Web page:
A new study finds that the Great Barrier Coast is at risk of losing the reef to climate change.
In an article published today in the journal Science Advances, researchers from the University of Queensland, the Australian National University, the University and the University Of Queensland found that by the end of the century, the Great Lakes are likely to become a new reef, due to rising temperatures and acidification.
The reef, which has lost an estimated 30% of its coral since the 1970s, is a major source of biodiversity for the reef system, including the Great Bass Fishing Reserve and the Great Pyrenees.
They found that the loss of the Great Bay is a key driver of the change.
“There are many factors that are leading to the reef becoming a new type of reef, and it is important to recognise that the reef will eventually disappear if we don’t act now,” Professor Daniel C. Johnson, lead author of the study, told Science Advings.
“We are seeing coral mortality on the Great Island, the Northern Territory, and Queensland as well.
The loss of this type of coral is the major driver of climate change, so it is not only a threat to our future, but also to the future of the reef.”
Climate change impacts on coral reefs The research found that coral mortality rates in the Great Basin are likely increasing due to ocean warming.
In particular, increasing sea surface temperatures are reducing the ability of coral to recover from acidification, which causes coral growth to decline.
According to the University, coral reefs are one of the most vulnerable marine ecosystems in the world.
The Great Lakes region is home to about a third of the world’s coral reefs, which have been lost for the past 30 years.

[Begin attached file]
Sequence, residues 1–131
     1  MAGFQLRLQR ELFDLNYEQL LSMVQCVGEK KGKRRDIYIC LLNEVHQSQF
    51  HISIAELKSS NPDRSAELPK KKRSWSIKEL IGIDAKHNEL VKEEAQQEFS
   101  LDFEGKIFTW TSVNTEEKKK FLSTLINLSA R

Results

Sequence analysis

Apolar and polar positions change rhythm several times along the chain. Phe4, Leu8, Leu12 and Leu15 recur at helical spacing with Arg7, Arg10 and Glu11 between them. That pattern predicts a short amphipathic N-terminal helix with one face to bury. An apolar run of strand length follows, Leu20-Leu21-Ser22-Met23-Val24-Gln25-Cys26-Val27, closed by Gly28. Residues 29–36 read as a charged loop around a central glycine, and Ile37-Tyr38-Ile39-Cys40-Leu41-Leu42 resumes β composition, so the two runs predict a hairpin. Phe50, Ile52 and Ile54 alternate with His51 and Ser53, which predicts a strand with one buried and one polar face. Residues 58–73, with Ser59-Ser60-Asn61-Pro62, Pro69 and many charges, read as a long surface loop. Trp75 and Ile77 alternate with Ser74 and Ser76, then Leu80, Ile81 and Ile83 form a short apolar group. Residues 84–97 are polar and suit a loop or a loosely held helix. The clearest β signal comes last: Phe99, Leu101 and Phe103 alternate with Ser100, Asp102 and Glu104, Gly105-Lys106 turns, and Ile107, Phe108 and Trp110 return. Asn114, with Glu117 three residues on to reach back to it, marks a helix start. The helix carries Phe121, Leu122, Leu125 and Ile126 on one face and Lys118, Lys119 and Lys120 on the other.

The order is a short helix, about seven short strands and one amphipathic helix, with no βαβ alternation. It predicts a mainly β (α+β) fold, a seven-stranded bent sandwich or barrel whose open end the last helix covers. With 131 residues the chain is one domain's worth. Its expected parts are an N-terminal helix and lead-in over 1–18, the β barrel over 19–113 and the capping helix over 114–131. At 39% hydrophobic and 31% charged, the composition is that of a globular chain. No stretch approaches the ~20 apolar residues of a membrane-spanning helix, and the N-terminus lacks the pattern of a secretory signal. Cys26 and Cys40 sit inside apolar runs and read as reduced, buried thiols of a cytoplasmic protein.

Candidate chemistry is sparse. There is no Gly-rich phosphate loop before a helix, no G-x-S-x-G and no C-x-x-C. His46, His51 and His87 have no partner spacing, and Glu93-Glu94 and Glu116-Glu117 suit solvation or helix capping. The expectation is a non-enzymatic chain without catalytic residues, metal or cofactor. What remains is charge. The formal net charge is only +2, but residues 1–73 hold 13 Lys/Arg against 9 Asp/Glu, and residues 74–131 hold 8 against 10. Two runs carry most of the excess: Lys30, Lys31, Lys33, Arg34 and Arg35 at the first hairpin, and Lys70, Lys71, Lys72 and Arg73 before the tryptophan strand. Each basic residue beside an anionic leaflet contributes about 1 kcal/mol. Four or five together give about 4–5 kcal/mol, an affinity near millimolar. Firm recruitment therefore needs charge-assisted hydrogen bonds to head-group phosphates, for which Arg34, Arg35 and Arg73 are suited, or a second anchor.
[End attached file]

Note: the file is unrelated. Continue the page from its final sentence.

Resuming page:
“It is not just the Great Gulf that is being affected,” said Professor Johnson.
“The Great Barrier has been at the centre of the global coral bleaching event, and there is also evidence of global coral death,” he added.
“Coral bleaching occurs when the water temperature is rising, which means that the corals have less oxygen, which results in coral death.
This is due to the lack of nutrients in the water, which leads to an overabundance of oxygen in the coralline algae, which then kills the coral.”
The Great Queensland Coral Reef, which is also the largest in the reef, is one of only three in the Queensland Great Barrier Archipelago, the other two being the Great South Reef and the Southern Coral Reef.
The study found that increasing acidification could be driving coral mortality as well as sea surface temperature change.
This was particularly true for the Great Lake area, which experienced significant coral mortality during the bleaching.
“This is a very complex system and a lot of things have to happen,” said lead author Dr Paul C. Taylor, from the Queensland University of Technology.
“A lot of this [coastal coral mortality] is caused by the Great Coral Reef and what we’re seeing in the Northern Cape and Queensland is a really important part of this.”
This is one area that has a lot to lose, as this is one sector of the coralling system, and we’re going to lose a lot,” he told Science.
“And we’ve actually seen this in the northern Great Lakes.” “
In some parts of the Northern Lakes, where there’s more of a coral bleach event, we’ve also found evidence of this happening,” said Dr Taylor.
“And we’ve actually seen this in the northern Great Lakes.”
The researchers also found coral mortality in the Southern Ocean has increased due to warming.
“Climate change is not the only cause of coral mortality,” Dr Taylor told Science News.
“Some of the coral bleaches are also linked to other processes in the system, such as the impact of warmer water temperatures on corals, which can cause coral mortality and increase the likelihood of coral bleacings,” he said.
“When you look at both parts of our world, we are seeing the effects of climate and CO2.” “
As the world warms, we’re starting to see coral bleeds on both sides of the Tasman, and as the Great Southern Ocean warms too, we’ll see more bleaches on the Northern Islands,” he explained.
“When you look at both parts of our world, we are seeing the effects of climate and CO2.”
Dr Taylor said the research highlighted the importance of protecting coral reefs in the future, and highlighted the need for a better understanding of the impact on coral reef ecosystems and marine life.
“I think that coral reefs need to be protected at all times, because they are the lifeblood of the oceans,” he concluded.